Pharmaceutical and biotech companies can use sale-leaseback financing to penetrate new markets, expand their business, fund acquisitions, and pay off existing debt. Sale-leasebacks can also be used to construct new facilities -- an attractive option for companies looking to expand their existing facilities or open a new facility at a different location but that do not have the cash on hand to do so.
As more sophisticated financing techniques and structures continue to be developed, business owners, managers and financial officers need to be aware of alternatives for managing and financing their real estate assets. In the biotech and pharmaceutical industries, as well as other industries, companies need to evaluate their current and future real estate needs, financial structure, capital requirements, and performance history on a semi-regular basis in order to avail themselves of the most attractive real estate financing options.
For the firm that does choose to engage in a sale-leaseback transaction, there are different types of leases that accommodate varying financial and operating needs. The two general categories of leases today, as characterized by the Financial Accounting Standards Board (FASB) guidelines, are operating leases and capital leases. The most substantial difference between the two categories is that the former is an off-balance sheet obligation whereas the latter is not. Within this general classification are many variations of leases, some of which are described below:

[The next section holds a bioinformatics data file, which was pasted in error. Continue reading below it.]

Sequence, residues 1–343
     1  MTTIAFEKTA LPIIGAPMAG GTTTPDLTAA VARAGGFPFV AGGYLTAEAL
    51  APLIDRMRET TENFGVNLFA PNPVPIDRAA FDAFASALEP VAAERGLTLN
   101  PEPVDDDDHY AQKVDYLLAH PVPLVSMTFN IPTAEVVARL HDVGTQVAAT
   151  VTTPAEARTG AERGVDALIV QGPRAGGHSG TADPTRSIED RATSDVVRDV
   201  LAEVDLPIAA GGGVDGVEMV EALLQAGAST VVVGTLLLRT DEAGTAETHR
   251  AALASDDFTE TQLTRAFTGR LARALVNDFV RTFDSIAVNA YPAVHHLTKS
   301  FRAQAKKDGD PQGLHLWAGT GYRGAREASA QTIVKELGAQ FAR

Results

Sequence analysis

An operating lease that is generally short term (five or seven years) in length. As part of the lease obligation, the tenant is required to guarantee the residual value of the property at the end of the term with a predetermined maximum termination payment. This obligation at termination mitigates the lessor's residual risk and the lessor can, therefore, offer relatively low rental rates. In addition, a synthetic lease can only be written when a tenant is a new occupant of the particular property.
A lease that meets several tests that allow it to be accounted for as an off-balance sheet obligation of the company. Some provisions that are reviewed to determine if the lease is an operating lease include:
- the lease does not contain purchase options;
- the term of the lease does not exceed 75% of the useful life of the property; and
- the present value of the minimum lease payments does not exceed 90% of the fair value of the property.
A lease where the tenant is responsible for paying all the property-related expenses throughout the term of the lease such as taxes, maintenance and insurance. Roof and structural expense is often also the expense of the tenant. The rationale for this type of lease is that the tenant can best manage its own property costs and the lessor, with reduced operating exposure, can offer lower rents accordingly. Residual risk is borne by the lessor in this transaction.